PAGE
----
I love purple and blue flowers, and larkspurs are one of my favourites. In the language of flowers, larkspurs signify lightness and levity. They also have magical connections to health and protection.
For the journal page I used paints and inks, washi tape, corrugated cardboard, a stencil, cutout butterflies, a pressed larkspur flower, larkspur seeds, rust-dyed fabrics, a white pen, and impasto gel medium.
Larkspurs self-seed in our garden and come up every spring in myriad colours of blues, purples and pinks. Their soft, feathery foliage is pretty, too.
At the moment, with the end of summer and herbs starting to die off, my studio has become a drying room with bunches of bergamot, lemon balm, and basil hanging from the rafters to dry for use in the winter.
The month began with the wisteria in bloom over our front porch, dripping cascades of white blossom. It makes a lovely display, but is over in such a short time, lasting barely more than three weeks. With November being a windy month, the path beneath soon became a carpet of white petals while the tree filled out with dense, lush green foliage.
On one of our walks with Finn last year, we collected seed pods from wild sweet peas we found growing along a walking track. I planted a few along our side fence, with a trellis behind for support. They are the most beautiful shade of deep magenta and have flowered profusely throughout November.
The larkspur in our front garden self-seeded from last year and have come up in lovely shades of blue and purple.
I grew violas from a packet of seeds and planted them around the garden and in pots.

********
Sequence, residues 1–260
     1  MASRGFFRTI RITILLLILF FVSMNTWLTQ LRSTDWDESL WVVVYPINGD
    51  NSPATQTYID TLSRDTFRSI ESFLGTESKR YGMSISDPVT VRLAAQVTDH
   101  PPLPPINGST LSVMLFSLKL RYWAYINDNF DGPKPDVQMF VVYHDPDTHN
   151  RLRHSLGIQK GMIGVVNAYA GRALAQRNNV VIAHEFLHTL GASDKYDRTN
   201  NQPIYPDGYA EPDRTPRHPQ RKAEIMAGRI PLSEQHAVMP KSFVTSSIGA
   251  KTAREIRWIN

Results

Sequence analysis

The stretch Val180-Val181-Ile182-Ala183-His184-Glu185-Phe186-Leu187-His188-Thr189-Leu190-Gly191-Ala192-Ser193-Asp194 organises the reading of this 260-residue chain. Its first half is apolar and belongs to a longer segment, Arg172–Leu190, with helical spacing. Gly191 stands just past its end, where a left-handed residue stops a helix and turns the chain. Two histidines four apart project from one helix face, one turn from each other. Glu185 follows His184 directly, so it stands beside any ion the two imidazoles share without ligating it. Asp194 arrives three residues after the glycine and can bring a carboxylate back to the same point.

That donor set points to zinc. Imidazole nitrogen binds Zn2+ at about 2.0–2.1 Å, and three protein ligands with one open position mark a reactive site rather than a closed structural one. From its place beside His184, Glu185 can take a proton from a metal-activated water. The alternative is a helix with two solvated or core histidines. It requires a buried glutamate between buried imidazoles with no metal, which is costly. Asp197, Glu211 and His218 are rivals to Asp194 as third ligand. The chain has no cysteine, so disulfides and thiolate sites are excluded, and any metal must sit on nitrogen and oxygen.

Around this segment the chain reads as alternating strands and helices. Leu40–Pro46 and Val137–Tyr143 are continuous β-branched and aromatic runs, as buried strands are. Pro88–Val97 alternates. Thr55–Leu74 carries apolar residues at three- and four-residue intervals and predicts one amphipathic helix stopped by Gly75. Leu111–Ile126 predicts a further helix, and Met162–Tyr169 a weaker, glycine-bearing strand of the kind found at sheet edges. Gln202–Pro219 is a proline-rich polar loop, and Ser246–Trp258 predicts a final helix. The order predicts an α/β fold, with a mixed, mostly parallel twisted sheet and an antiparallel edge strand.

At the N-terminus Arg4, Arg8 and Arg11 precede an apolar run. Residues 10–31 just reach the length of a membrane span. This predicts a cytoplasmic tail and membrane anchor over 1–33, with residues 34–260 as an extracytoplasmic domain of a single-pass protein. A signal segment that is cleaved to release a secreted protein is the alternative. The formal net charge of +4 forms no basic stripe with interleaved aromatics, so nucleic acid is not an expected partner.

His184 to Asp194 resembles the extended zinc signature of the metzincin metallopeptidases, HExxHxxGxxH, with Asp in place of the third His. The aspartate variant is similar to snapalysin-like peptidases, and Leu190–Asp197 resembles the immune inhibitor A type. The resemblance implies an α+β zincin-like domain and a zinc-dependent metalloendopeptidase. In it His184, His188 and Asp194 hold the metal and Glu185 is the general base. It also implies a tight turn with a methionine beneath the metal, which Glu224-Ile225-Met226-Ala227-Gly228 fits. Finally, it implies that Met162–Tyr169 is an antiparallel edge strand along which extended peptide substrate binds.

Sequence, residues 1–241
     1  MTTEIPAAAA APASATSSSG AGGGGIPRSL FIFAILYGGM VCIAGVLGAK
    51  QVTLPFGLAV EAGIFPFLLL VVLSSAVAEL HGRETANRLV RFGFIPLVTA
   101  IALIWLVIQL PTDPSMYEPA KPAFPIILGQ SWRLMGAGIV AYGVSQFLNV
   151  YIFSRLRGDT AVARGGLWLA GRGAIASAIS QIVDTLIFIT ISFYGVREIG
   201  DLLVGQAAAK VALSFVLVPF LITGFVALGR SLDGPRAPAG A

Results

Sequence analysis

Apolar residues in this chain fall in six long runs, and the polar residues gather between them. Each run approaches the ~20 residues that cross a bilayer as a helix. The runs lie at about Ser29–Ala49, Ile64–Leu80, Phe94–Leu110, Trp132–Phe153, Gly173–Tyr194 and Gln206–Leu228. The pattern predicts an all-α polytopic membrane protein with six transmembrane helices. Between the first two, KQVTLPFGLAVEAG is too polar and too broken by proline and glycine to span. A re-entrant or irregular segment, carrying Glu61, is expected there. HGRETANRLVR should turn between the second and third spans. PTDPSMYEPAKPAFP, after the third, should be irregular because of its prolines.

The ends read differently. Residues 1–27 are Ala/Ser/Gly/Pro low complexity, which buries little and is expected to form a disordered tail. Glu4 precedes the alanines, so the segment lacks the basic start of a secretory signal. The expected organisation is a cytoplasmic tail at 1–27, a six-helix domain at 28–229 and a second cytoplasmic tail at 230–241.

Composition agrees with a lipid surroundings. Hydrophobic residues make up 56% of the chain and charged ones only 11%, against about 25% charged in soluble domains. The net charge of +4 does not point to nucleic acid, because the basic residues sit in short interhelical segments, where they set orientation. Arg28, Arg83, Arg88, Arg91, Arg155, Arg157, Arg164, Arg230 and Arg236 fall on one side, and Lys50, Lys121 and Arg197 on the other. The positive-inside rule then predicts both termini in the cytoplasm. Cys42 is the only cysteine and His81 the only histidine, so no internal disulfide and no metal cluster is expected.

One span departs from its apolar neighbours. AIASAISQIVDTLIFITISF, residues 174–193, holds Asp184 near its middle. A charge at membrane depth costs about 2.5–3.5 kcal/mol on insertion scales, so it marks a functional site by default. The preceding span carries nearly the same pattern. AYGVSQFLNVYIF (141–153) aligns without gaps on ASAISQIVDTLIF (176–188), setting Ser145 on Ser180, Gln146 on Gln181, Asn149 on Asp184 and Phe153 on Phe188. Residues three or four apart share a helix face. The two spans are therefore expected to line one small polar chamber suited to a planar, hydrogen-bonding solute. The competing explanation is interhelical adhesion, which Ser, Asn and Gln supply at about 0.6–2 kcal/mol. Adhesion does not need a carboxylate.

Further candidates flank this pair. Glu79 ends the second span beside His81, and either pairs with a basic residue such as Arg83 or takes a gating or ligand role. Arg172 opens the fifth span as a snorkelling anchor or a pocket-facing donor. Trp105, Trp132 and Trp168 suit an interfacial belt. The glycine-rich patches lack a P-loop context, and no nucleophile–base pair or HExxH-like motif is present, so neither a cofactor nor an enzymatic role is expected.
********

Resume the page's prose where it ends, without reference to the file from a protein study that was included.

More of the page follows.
The strawberries are cropping abundantly now the warmer weather has arrived. We are enjoying them for breakfast and desserts. One of my favourite recipes to use them in is strawberry shortcake. Yum!
I have been drying lemon balm to use in herbal infusions over the winter. Lemon balm is a calming herb. It also has anti-viral properties, and can soothe an upset stomach.
Pages from my garden journal.
I pressed a few of the sweet pea flowers and have left a space on the journal page to put one when they are ready.
I hope you have a happy day in your garden!
Here, in New Zealand, summer is in full swing and the garden is flourishing with flowers, herbs, vegetables, weeds and wildflowers. The beautiful larkspur made a magnificent show during late spring and early summer. The majestic blooms ranged from a deep violet colour to a lighter lavender. Sadly, they are finished now, but we have saved lots of seeds and want to try growing them against the house next year, instead of out in the open where the tall spires are ravaged by the wind.
Echinaceas that I grew from seed last year are flowering earlier this year. They always remind me of my time working at Weleda where they were grown to make herbal remedies.
Feverfew self-seeds all over the garden.
In the vegetable garden we have just picked our first beans of the season, and have been regularly picking lettuces, baby spinach leaves, radishes and spring onions for summer salads.
Lavender and borage are planted amongst the vegetables to attract the bees. This pretty purple plant self-seeds everywhere. I am not sure what it is called, but the bees love it, so I am happy for it to grow wherever it wants to.
The citrus trees are laden with fruit and we always have a jug of freshly squeezed orange or grapefruit juice in the fridge.
These pretty blue cornflowers self-seeded in the planter outside the studio, as well as elsewhere in the garden. There are plenty for picking and they last well in a vase.